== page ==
Wednesday, September 21, 2011

Fish Weir Village

"Site of fish weir across the Lemhi River where the Shoshone were able to trap enough Salmon for their subsistence and provide the (Lewis & Clark) expedition with as much broiled and dried salmon as they could eat, as well as dried chokecherries.

"...I went to see the place those people take the fish, a wear [weir] across the creek in which there is stuk baskets set in different derections so as to take the fish either descending or assending..." -- Clark, August 21, 1805

"...water was conducted to this basket, which was so narrow at it's lower extremity that the fish when once in could not turn itself about, and were taken out by untying the small ends of the longitudinal willows, which formed the hull of the basket." --Lewis, August 21, 1805
From: Salmon-Challis National Forest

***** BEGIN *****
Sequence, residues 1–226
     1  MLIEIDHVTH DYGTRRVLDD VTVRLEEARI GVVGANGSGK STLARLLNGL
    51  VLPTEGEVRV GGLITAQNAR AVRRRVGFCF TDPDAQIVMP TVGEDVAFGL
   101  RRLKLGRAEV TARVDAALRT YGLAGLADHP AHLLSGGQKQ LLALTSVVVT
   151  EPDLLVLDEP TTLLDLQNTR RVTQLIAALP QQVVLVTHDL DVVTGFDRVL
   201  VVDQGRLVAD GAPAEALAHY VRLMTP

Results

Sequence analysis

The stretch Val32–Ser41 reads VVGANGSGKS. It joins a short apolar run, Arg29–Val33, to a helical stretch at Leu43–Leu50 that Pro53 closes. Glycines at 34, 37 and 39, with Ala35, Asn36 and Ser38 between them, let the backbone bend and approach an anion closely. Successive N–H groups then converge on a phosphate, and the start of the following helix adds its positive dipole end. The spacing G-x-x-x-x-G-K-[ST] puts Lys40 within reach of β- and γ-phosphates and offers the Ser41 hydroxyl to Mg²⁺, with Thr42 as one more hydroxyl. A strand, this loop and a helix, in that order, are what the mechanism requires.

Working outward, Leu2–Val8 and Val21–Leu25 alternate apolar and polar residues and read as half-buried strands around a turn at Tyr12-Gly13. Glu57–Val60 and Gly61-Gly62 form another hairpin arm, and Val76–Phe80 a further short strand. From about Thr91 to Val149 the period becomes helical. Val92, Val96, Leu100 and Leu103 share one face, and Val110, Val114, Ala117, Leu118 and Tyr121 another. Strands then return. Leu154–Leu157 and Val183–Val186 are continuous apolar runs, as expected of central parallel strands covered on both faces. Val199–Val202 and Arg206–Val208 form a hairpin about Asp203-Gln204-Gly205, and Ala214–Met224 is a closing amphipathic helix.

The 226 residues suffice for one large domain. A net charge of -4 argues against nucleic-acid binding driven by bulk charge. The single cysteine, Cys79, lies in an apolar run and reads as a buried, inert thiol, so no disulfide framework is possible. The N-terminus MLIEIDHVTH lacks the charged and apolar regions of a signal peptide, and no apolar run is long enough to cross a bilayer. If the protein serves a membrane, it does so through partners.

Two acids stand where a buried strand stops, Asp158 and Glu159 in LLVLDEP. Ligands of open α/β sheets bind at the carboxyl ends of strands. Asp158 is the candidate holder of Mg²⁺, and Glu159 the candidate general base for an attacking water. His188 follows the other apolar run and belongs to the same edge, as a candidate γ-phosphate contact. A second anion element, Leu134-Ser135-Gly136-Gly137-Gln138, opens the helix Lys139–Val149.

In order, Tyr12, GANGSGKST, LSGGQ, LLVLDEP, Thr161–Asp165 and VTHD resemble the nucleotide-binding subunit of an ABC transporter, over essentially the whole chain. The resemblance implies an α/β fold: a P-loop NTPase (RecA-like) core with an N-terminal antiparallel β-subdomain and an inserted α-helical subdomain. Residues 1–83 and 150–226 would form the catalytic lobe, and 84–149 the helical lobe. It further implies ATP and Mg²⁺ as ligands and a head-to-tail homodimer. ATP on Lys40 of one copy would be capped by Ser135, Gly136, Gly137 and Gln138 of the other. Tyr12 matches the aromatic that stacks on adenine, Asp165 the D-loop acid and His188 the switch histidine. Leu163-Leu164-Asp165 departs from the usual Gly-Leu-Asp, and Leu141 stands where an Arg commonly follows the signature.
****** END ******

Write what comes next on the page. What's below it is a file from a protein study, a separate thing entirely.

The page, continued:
Image from: "fishing weir – theater set" by Marie Lorenz
"A weir is a system of nets used to trap fish in current. This is a drawing that William Clark made of a fishing weir in Tower Creek, Idaho. In his journal, Captain Clark described the fishing weir, made by the Lemhi-Shoshone People to catch Salmon: “There were two distinct wears formed of poles and willow sticks, quite across the river, at no great distance from each other. Each of these, were furnished with two baskets; the one wear to take them ascending and the other in decending. In constructing these wears, poles were first tyed together in parcels of three near the smaller extremity; these were set on end, and spread in a triangular form at the base, in such manner, that two or the three poles ranged in the direction of the intended work, and the third down the stream. Two ranges of horizontal poles were next lashed with willow bark and wythes to the ranging poles, and on these willow ticks were placed perpendicularly, reaching from the bottom of the river to about 3 or four feet above it’s surface; and placed so near each other, as not to permit the passage of the fish.”

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